Ami Clarke’s Low Animal Spirits (2014) is a piece of software made in collaboration with Richard Cochrane, ex-vice president of Goldman Sachs, and takes its cue from the oft-mentioned loss of the referent in both language and the economy speculated about wildly after the economic collapse of 2008.  It deploys an HFT algorithm that ‘deals’ in words sourced from global news feeds for virtual ‘profit’, whilst speculating on their usage. The analysis produces new phenomena in the form of speculative headlines tweeted from the twitterbot: @LowAnimalSpirit. The work considers what happens when news is produced and distributed through highly volatile environments driven by statistical analysis. Also included in the show is Breaking News Flash Crash (2014), a steel sculpture that depicts the drop in the market after the Associated Press twitter hack of 2013, pointing to how inter-dependent social media and the calculus of the financial markets had become, through a process of analysis and prediction of past and future behaviours.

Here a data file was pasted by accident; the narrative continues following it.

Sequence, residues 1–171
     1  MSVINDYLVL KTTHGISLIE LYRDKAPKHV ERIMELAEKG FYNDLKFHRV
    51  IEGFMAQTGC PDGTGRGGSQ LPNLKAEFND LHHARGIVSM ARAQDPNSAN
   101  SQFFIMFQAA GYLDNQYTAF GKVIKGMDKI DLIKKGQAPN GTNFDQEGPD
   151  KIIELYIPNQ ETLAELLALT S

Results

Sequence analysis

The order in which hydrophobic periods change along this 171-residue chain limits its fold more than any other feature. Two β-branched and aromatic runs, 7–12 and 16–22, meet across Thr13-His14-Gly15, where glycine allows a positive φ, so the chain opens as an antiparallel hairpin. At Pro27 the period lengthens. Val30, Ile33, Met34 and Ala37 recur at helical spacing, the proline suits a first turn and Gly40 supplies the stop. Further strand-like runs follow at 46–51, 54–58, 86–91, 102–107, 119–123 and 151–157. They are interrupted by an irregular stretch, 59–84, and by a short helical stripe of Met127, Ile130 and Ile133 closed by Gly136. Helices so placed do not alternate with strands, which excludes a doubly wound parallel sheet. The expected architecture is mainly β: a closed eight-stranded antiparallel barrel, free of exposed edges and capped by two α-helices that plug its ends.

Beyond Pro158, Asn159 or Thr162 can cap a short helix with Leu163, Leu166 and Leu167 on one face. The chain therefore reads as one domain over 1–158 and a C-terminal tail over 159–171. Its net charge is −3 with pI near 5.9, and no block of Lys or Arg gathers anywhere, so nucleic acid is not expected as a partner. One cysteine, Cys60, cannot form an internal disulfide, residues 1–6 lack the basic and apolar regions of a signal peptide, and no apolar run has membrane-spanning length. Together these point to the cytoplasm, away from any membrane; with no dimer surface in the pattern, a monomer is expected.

Débora Delmar‘s Canto I (Mayfair Businessman) (2018) is part of a series of works whereby the artist has taken offcuts from bespoke business suits to create abstract corporate compositions, relics from a past that saw businessmen donning three piece suits for work, rather than the same grey t-shirt worn by social media companies’ CEOs. Ollie Dook‘s Animal Stories (2018) takes multiple strands of reoccurring and memetic ideas of the animal image that are primarily accessed and shared via the means of YouTube, and re-told in an episodic tale harking back to the traditions of Disney’s ‘Silly Symphony’ series, that would re-tell traditional fairy tales for a new generation. Via the surreal and plasmatic visions of his animators, the vivid shine of Technicolor and the freshness of multi-plane technology, these stories could be told as never before. Tom Galle‘s sculpture Revolting MacBook Air (2018) is a MacBook Air covered in graffiti in different styles copied from different corporate and monetary websites, depicting various slogans and aphorisms associated with data misuse, from “make data people again” to “my phone, my nudes!”. As with most forms of graffiti, the piece can be seen as a form of protest, against companies and large conglomerates that utilise and misuse their user’s data, a protest being made directly onto a device that’s been used to feed the internet with Galle’s data.